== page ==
e services of Massachusetts soldiers in the war. He said,— They have fought, many have fallen, under McClellan and Burnside, both dear to them; under Butler and Banks, both soldiers of Massachusetts, bringing laurels to her brow. They have stoivided only by the Rappahannock from the rebel forces. Major-General Joseph Hooker had succeeded Generals McClellan and Burnside in command. For his qualities as a strategetical and brave general, great hopes of success were entertained. He was pohis attention to the case of David E. Goodfellow, an enlisted man in the Twenty-first Regiment, who had served under General Burnside in the capture of Roanoke Island, Beaufort, and Newbern, N. C. In January, 1862, he had been detailed by General BurGeneral Burnside to help lay a railroad-track at Annapolis, Md., a business which he was acquainted with. He remained faithful to his duty until he was prostrated with a fever, and received a furlough to come home from Mr. Goddard, who had charge of the Govern
f War Department returns of veteran regiments their reception letter to General Hancock General Burnside reviewsthe troops at Readville letter to the Christian Watchman General Andrews Surgeon-er; at Chickamauga, Knoxville, and Chattanooga; under Hooker, Meade, Banks, Gilmore, Rosecrans, Burnside, and Grant. In every scene of danger and of duty,—along the Atlantic and the Gulf; on the Tennthe Governor telegraphed to Secretary Stanton,— Will you authorize me to arrange with General Burnside to assign to his command an expedition of Massachusetts veteran organizations now being raisetts Regiments in the Second Corps. On the 25th of January, the Governor telegraphed to General Burnside at New York,— I have fixed Feb. 3 for reviewing the troops at Readville. You must nove voted to attend. The review spoken of in this despatch took place on the day named. General Burnside was present, and reviewed the men. The Governor and staff, the Legislature, and an immense <
honor and good name of Massachusetts. By appointment, dined with General Ferrara, and spent a very agreeable evening. Surgeon Prince, formerly of the Thirty-sixth Massachusetts Regiment, is on the General's staff as the division surgeon. He had been with me most of the day, and dined at headquarters. Brigadier-General Curtin also accompanied me on my visit to our regiments. He has several of them in his brigade. During the day, called upon Major-General Parks, who succeeded Major-General Burnside in command of the Ninth Corps. Nothing could exceed the cordiality with which I was received by these distinguished gentlemen. They spoke warmly in praise of our Massachusetts regiments, and inquired kindly after Governor Andrew, whom they hoped soon to meet in their camps. During the evening, Lieutenant-Colonel Colburn, of the Fifty-ninth, came to Colonel Russell's headquarters to see me in relation to having Sergeant Gibson commissioned. He spoke very highly of him. He wished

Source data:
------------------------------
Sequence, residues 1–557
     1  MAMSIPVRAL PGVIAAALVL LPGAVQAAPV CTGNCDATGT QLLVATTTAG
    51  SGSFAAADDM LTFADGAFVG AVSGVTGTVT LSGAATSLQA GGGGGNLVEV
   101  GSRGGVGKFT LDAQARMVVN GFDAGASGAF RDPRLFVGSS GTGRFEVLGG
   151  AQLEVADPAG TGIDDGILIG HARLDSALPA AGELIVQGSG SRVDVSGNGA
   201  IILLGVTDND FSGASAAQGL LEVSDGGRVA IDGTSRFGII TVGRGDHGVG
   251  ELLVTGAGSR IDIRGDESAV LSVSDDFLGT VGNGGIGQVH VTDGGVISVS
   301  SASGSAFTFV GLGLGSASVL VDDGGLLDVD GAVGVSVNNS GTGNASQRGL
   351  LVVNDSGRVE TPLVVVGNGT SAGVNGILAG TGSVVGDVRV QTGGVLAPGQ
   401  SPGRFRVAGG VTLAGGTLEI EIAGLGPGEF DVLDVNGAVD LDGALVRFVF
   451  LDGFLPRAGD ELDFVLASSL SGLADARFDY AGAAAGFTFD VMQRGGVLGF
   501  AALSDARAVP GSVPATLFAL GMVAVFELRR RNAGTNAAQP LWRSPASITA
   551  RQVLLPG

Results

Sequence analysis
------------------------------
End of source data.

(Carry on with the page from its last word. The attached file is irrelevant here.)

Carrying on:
inches. Early in the morning of the 22d, the veteran officers and men of our gallant commands assembled in Boston, and formed in military order. All were represented: and when placed in column of march with their old uniforms, each command carrying its tattered flags, some of which had waved over fifty battle-fields, in the valleys of Virginia, and on the mountains of Tennessee; had followed the fortunes of Butler and Banks in Louisiana, Mississippi, and Texas; and had been unfurled where Burnside and Sherman had led in the Carolinas and in Georgia,—a sight was presented which awakened the most patriotic and sublime thoughts in the heart of every loyal person. As the procession moved through the different streets, business was suspended, the sidewalks were crowded with spectators, banners were displayed from almost every house, and everywhere cheers went up of welcome and of gratitude; a salute was fired by a detachment of light artillery, bands of music played inspiring airs. Th